This article is for beginners who want to start shooting in manual mode, because when you start doing that a new whole world opens to you! Your photography will evolve and you start achieving the results you always wanted.
So, what are you waiting for? Once you read this article a freebie is available for you to download. This printable will be your companion, until settings will no longer represent a mystery.
Why should you photograph in manual mode?
When you shoot in automatic mode, the camera is controlling the scene and it will basically take the images for you. When you shoot in manual mode, instead, you become the master. Isn't this answer enough to you?? Just joking, when you choose the settings you want to apply, depending on weather conditions and much more, YOU are the one deciding and YOU will paint every single pixel that is going to compose your image.
Why are you scared of settings and how to overcome this fear?
You probably think that all these numbers and parameters are incomprehensible and let me tell you something....I was thinking the same thing when I first started! Then, one day, all of that, made magically click! The settings of your camera are just numbers and thanks to them you can control the amount of light entering the sensor and creating your images. Do not be scared and give it a chance, you will see how easy this will be the more you practice!
Let me introduce you to...the Trinity!
What do I refer to when I talk about the Trinity? Well, the ISO, the Aperture and the Shutter speed! The three basic elements that you will need to manage in order to control the light.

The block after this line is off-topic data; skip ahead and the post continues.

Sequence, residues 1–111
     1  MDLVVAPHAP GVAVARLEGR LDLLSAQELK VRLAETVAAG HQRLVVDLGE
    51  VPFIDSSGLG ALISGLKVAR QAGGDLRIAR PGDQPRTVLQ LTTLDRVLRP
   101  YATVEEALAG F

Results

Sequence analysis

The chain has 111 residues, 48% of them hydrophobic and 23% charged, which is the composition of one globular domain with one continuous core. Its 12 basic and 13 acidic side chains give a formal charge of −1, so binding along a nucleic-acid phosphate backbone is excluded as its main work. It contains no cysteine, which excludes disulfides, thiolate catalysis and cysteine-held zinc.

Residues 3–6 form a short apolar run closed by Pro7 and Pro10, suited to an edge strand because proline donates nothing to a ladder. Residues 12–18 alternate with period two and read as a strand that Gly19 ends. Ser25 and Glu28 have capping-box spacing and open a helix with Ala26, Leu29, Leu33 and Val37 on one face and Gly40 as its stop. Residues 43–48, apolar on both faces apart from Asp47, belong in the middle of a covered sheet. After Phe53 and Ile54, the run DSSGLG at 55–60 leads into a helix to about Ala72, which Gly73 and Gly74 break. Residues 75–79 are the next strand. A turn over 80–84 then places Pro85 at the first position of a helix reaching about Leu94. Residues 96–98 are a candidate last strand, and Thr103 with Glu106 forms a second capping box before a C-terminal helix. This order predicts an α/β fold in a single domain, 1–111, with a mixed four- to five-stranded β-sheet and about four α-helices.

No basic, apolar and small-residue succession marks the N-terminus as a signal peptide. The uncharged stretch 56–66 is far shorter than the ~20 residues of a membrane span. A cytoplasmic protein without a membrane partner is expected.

I will explain you in the easiest and simplest way what are each one of them and so then you will be able to practice straight away!
The ISO refers to the sensitivity of the sensor of your camera to light.
ISO 100 means that less light is hitting your sensor at a low ISO and you will have a less grainy image. When shooting during the day between 10am and 4pm ( depending on the season.. of course ! ) you might want to use a ISO between 100 and no more than 400. I always tell my students that I never use more than 400 and they should not as well. The reason is to preserve the quality of the photo.
The aperture is represented with the F-stops in your camera and it refers to the space through which the light passes in the optical of your camera.
The aperture controls the focal length and you can notice that depending on the lenses you use, it may vary. I tend to privilege fixed lenses like a 50mm with a wider aperture of f 1.8. In photography, a wider aperture refers to a low F-stop, and a small aperture of f 16 refers to a large focal length, so that your image and the elements in it, will be entirely in focus.
Create bokeh effect with a wide aperture, between f 1.8 and f 4.
You will get a similar effect to the image below and it will help you understanding the meaning of all these numbers; practice make perfect and also...bokeh is so nice!
Shutter speed refers to the speed at which your camera takes a photo or how long your camera’s shutter remains open.
If it's faster, less light will filter and this is perfect when shooting moving subjects, like animals, children or in food photography when capturing liquids or movement.
On the other side, a slower shutter speed lets more light in and if your camera is not on a tripod, you'll probably get a blurry image. You can use the slower shutter speed to capture a movement from the start to the end.
Now, you can get your free printable that will allow you to get amazing images! Do not forget to share your images with me tagging #fedicreates on instagram or just by sharing your results with me. If you have any questions, I am always available!